But when God opens our lives, God opens our whole lives. Everything in us, everything we do, everything we are, have been, and will be is cracked open, and God invades it all. God takes up every bit of it. Some parts will suffer and die. In fact, it will be like we are being crucified with Christ. But then we will be raised to a new life, a life that Christ lives in us and that we live in Christ.

Alphonsus Rodriguez lived in Spain in the 1500s. He married and had three children, but by the time he was in his 30s his wife and his children had all died. He devoted his life to strenuous religions practice, and he tried to join the religious order called Society of Jesus, or the Jesuits. They denied him entry because he did not have enough education. He tried to complete more studies, but he couldn’t get through the program. Eventually, the Society of Jesus admitted him as a lay member.

Rodriguez took on the humble job of a doorman at Jesuit college, and he remained a doorman for the remainder of his life — 46 years. “His duty was to receive the visitors who came to the college, search out the [priests] or students who were wanted in the parlours, deliver messages, run errands.”[1]

But God opened Rodriguez’s life, and so as “just a doorman,” Rodriguez influenced many, many lives. People who had no one else to turn to would talk to the doorman about their troubles, and word spread that this man gave good comfort and good advice. Eventually he was asked to preach during dinners, and the crowds would stay past dinner time to hear him preach.

Rodriquez “was devoted to finding God in every moment” of his life. He would pray “Lord, let me know you. And let me know myself.” It is said that each time the doorbell rang, he would look to the door and envision that it was God standing outside seeking entrance. On his way to the answer the door, he would say, “I’m coming Lord.”

Today, this doorman is a recognized as a saint by the Roman Catholic Church.

St. Rodriguez gives us an example of a life opened by God. The tragedies he faced did not keep him from God; his lack of education did not keep him from ministry; the humility of his work did not keep it from being holy. He, like Paul, had been crucified with Christ and could say: “It is no longer I who live, but Christ lives within me.”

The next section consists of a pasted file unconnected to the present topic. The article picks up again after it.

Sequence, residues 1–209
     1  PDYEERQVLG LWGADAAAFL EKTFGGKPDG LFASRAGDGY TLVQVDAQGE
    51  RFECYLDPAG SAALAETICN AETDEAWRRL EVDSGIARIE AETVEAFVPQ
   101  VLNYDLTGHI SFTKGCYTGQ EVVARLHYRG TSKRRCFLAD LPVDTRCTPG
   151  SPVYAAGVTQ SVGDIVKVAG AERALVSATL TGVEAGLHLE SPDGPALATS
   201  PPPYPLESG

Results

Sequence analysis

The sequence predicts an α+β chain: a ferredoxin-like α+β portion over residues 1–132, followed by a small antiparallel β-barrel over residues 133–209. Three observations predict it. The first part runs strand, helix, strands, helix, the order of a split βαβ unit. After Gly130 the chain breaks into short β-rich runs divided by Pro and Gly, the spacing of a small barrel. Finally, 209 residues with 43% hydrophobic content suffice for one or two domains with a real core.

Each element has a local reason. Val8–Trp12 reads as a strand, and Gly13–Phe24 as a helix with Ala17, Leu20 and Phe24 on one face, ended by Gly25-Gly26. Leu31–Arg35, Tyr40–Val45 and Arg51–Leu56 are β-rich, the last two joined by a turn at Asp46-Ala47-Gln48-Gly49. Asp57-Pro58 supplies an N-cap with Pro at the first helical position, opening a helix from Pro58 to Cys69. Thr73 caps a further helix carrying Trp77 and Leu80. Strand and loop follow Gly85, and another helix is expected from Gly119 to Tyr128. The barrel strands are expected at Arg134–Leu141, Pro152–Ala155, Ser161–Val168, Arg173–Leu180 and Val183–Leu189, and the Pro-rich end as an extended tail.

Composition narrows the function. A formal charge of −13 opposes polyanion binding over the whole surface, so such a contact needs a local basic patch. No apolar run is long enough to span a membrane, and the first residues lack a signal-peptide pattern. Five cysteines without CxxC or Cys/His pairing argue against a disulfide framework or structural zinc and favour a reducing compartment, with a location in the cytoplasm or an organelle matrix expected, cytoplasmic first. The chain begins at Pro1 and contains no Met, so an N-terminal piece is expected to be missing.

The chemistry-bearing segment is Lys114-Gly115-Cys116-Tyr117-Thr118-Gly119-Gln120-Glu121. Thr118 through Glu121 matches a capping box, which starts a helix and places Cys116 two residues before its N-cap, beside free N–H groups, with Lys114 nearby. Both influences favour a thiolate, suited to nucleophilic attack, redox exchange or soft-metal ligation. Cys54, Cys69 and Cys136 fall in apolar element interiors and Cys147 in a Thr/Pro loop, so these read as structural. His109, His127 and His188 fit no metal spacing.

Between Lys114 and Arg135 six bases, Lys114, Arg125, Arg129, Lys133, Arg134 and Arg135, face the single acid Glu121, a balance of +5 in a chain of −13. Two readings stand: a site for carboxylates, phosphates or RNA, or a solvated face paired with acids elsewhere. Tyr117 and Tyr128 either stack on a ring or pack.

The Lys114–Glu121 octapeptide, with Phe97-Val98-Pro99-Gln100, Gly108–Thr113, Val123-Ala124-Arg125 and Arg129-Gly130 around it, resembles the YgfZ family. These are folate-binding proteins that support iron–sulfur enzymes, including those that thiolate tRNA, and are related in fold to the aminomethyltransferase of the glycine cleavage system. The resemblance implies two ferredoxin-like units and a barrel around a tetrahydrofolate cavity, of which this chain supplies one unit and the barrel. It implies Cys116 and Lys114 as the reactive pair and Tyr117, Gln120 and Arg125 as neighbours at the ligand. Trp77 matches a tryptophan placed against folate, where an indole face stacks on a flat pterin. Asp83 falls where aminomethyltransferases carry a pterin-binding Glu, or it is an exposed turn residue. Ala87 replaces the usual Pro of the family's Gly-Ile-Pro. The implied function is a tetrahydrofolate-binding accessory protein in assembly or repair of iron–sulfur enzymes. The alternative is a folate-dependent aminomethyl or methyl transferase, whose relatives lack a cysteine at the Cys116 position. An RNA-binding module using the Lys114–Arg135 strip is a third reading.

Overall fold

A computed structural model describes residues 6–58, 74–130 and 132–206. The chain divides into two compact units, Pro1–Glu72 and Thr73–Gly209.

May the lives of St. Paul, St. Rodriguez, and all the saints who have gone before us help remind us of how God opens our lives, our whole lives, so that Jesus Christ may live in us, and we in Christ.

Let us pray. Open our lives, Lord, to reflect your glory. Lead us to the cross, to the grave, to the empty tomb, and into the world as imitators of Christ. In Jesus’s name we pray. Amen.[2]


 

[1] Prayer from Melissa Mole, “Midweek Lenten Series: Open My Life, Lord,” Seasonal Rites for Lent in Sundays and Seasons, Year C 2016 (Minneapolis: Augsburg Fortress, 2015), p. 108.

 

[2] Joseph Tylenda, S.J., Jesuit Saints and Martyrs, quoted in James Martin. S.J., The Jesuit Guide to (Almost) Everything, (New York: HarperOne, 2012), p. 100. Material found in that book supplemented by Wikipedia’s article “Saint Alphonsus Rodriguez.”

God’s Call, Like Gravity

Written for St. Andrew Lutheran Church, Franklin, TN + 2nd Sunday After Epiphany + January 18, 2015

Texts: 1 Samuel 3:1-10; 1 Corinthians 6:12-20; John 1:43-51

Yesterday afternoon I had the pleasure of attending the ordination of my friend Scott. I met Scott during my first hours at divinity school, and if I could take you back in time to that day, to tell Scott that in four years he would be wearing a stole and presiding over communion, I think his eyes would have popped out of his head. He had come to divinity school with a deep sense of call to ministry, but also with a deep distrust of all religious institutions and with a heavy load of cynicism. And that’s still pretty true of Scott: Actually, when we had coffee a few weeks ago and he told me about his ordination process, he still seemed totally shocked about where he is today. But he also felt in the very core of his being that he was exactly where God had called him to be.  And so he titled his service of ordination: “The Miracle in Nashville: The Bet Las Vegas Lost: The Ordination of Scott Jamieson.”

Our Bible readings for today tell other stories of miracles and lost bets — of God calling surprising people to surprising work. First, we heard the story of the young child Samuel, called by God (rather than the much more experienced priest Eli) in the middle of the night to challenge the rulers of his nation. Next we heard the story of the Christians in Corinth, who were surprised to hear that God’s call on their lives included claims on their bodies as well as their souls. And finally, we heard the story of Jesus calling two of his disciples: Philip, who seems to follow Christ immediately, and Nathanael, who needs to see a little proof that this Jesus guy isn’t just another weirdo from Nazareth. Three people and one group, each called to different tasks in very different ways.

Last weekend the Companions in Christ Sunday school class shared their own call stories with one another. And just as if we could ask Samuel, Nathanael, or Scott about their experience of God’s call, and each of those people would give a different story, so each person in the class had a unique story to tell. Some people could vividly remember a single experience that changed their life and faith in an everlasting way. Many, though, could not really name a single grand moment, but rather thought of their faith-life as a series of less dramatic — though no less significant — calls from God. Some emphasized the call we all receive through our baptism.